The Rittenhouse Review

A Philadelphia Journal of Politics, Finance, Ethics, and Culture

Sunday, February 20, 2005  

“Liberal” Blogger Goes All Sexist and Stuff

How noble, how thoughtful, and how socially aware of blogger Kevin Drum, a little spare time on his hands, to go looking around for bloggers lacking his “Y” chromosome.

In a few offhand thoughts assembled under the rather predictable -- Or should I say condescending? -- heading “Women’s Opinions,” Drum writes:

Although [the political blogosphere’s] geeky Usenet roots were (and are) testosterone[-]laden affairs, there are still no formal barriers to entry here, no old boys club in the usual meaning of the word. Yet if you take a look at the Blogosphere Ecosystem, which for all its faults is probably the closest thing we have to a consensus measure of popularity for political blogs [Ed.: Uh, no. Try the more accurate Blogstreet rankings instead. There: The Rittenhouse Review: No. 29, Political Animal: No. 31. At the same site, please review the Most Important Blogs: The Rittenhouse Review: No. 4, Political Animal: No. 15.], you will find exactly two women in the top 30: Michelle Malkin and La Shawn Barber. . . .

That’s a grand total of [seven percent] of the most popular political blogs. And to gaze even more deeply into our collective navel [Ed.: Drum’s words, not mine.], that [seven percent] is 100 [percent] conservative. On the liberal side, Wonkette weighs in at [No.] 33 and TalkLeft at [No.] 48 -- and that’s it for the top 100, unless I’ve missed someone.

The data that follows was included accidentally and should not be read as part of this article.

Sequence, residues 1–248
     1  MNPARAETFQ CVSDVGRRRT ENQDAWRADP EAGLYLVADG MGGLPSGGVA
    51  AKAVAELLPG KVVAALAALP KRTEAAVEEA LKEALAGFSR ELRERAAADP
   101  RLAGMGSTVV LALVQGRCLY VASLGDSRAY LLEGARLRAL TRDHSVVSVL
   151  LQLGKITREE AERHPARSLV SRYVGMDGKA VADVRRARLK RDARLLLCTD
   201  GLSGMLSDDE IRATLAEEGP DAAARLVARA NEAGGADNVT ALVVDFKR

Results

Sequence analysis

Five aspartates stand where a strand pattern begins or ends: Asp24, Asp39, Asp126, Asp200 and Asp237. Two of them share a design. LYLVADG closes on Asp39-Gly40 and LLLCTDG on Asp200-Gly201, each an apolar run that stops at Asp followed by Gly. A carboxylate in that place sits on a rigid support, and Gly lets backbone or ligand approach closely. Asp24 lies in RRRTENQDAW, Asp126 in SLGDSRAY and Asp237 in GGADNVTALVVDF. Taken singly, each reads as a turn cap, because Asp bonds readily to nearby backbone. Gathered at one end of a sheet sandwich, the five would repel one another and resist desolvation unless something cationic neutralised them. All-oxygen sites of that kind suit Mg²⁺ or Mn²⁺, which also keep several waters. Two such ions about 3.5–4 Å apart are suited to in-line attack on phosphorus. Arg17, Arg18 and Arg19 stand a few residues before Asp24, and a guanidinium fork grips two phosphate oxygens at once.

So what’s up? There aren’t any institutional barriers in the traditional sense of the word, which means either[:] (a) there are fewer female political bloggers and thus fewer in the top 30, [sic] [;] or (b) there are plenty of women who blog about politics but they don’t get a lot of traffic or links.

My guess [sic] is that it’s a bit of both, and the proximate [Ed.: “Proximate”?] reason is that men are more comfortable with the food fight nature of opinion writing -- both writing it and reading it. Since I don’t wish to suffer the fate of Larry Summers I’ll refrain from speculating on deep causes -- it might be social, cultural, genetic, or Martian mind rays for all I know -- but I imagine that the fundamental viciousness and self aggrandizement inherent in opinion writing turns off a lot of women.

Which begs another question: does this mean that women need to change if they want to enter the fray, or does it mean that the fray needs to change in order to attract more women? As usual, probably some of both. Unfortunately, the blogosphere, which ought to be an ideal training ground for finding new voices in nontraditional places, is far more vitriolic than any op-ed page in the country, even [T]he Wall Street Journal’s, and therefore probably turns off women far more than it attracts them.

I wish I had some answers for this, but nothing springs immediately to mind. So even though comment threads make blogs look like models of warmth and acceptance, I guess that’s where the conversation will have to continue. Try to keep it civil, OK?

One . . . two . . . three . . . SCREAM!

“[N]o formal barriers to entry here,” Drum writes.

“[N]o old boys club in the usual meaning of the word,” he adds.

Methinks Drum is operating in an entirely differently blogosphere than the rest of us.

I know he means well, but as I’ve said before, the utterly uninteresting, totally irrelevant, and virtually ignored Washington Monthly made the right choice when the magazine picked my friend Kevin Drum as its daily mouthpiece.

Like anything else, even in the blogosphere, you get what you pay for.

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